By Andrea Byrnes. Published in Egyptological, Magazine Reviews. 16th June 2014 Ancient Lives. New Discoveries British Museum Exhibition dates: 22nd May – 30th November 2014 Sponsored by Julius Baer; Technology Partner – Samsung When I arrived home after visiting and enjoying Ancient Lives, I found that a friend who has also visited the […]
Is it a futile activity to ask, as I do in this series of articles, “What is The Significance of the Crossed-Arm Pose?” It might be argued, for instance, that variations in the pose at death exhibited by royal mummies simply reflect what embalmers decided to do on the day, or at least the customary practice of a particular undertaker. Similarly, it might be argued that each individual anthropoid coffin might be expected to reveal some unique design characteristic, and that no significance should be attached to the specific hand/arm pose depicted on the lid.
Amongst the many miracles through which delicate objects are preserved from ancient Egypt down into modern times, perhaps the most remarkable is the survival of the mortal remains of a virtually complete sequence of New Kingdom rulers. These kings, along with a number of queens and lesser royalty – who date from the end of the Seventeenth Dynasty through to the start of the Twenty-Second Dynasty – are generally referred to as the Royal Mummies, and were for the most part recovered from the Royal Cache of 1881 (in tomb TT320), and the Second Royal Cache of 1898 (in tomb KV35, the tomb of Amenhotep II).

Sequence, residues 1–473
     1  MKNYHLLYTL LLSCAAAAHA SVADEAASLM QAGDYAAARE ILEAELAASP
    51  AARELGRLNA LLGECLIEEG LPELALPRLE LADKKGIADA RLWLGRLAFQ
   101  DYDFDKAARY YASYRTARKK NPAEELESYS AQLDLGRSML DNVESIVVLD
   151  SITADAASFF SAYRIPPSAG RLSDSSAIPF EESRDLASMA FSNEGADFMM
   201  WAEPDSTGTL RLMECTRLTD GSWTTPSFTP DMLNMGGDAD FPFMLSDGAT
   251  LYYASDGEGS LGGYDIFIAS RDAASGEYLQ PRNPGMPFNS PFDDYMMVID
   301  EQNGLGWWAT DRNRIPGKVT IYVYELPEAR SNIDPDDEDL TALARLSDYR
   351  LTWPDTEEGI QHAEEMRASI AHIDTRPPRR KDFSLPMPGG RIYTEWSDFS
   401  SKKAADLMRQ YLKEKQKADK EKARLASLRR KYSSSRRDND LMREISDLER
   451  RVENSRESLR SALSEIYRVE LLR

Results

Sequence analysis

Edition - July, 2012
By Michelle HY Low. Published on Egyptological, In Brief, 24th July 2012. The death of Ramesses XI marked the end of the 20th Dynasty and the New Kingdom, which consequently led to the emergence of the 21st Dynasty and the Third Intermediate Period. With the emergence of this new era, Egypt experienced an instability not […]
By Michelle Low
Edition - May, 2012
I have long been an admirer of Salima Ikram, even though as a modern (sentimental) pet lover, I struggle with the insights she provides into the sometimes gruesome details of animal cults in ancient Egypt. Anyone who has watched Professor Ikram’s many television appearances; heard her speak on animal mummification or read any of her many publications, cannot fail to be impressed at both her erudition and her easily accessible style of communication as she sets out her no-nonsense, non-sentimental account of the complex relationship between ancient Egyptians and the wide range of animals they worshipped, hunted, ate or preserved for eternity.
The Egyptian collection in the Archaeological museum in Zagreb currently has over 2,300 artifacts of Ancient Egypt, and is the largest and most complete collection of its kind in Croatia. The first acquisition, the Zagreb mummy, is still its most famous artifact today. It came to the museum in 1862, and remains the core of the collection. Another part of the collection was bought from a famous Roman junkman in Naples called Lancia (Tomorad 2003). Studies revealed that most items came from Luxor and the surrounding areas.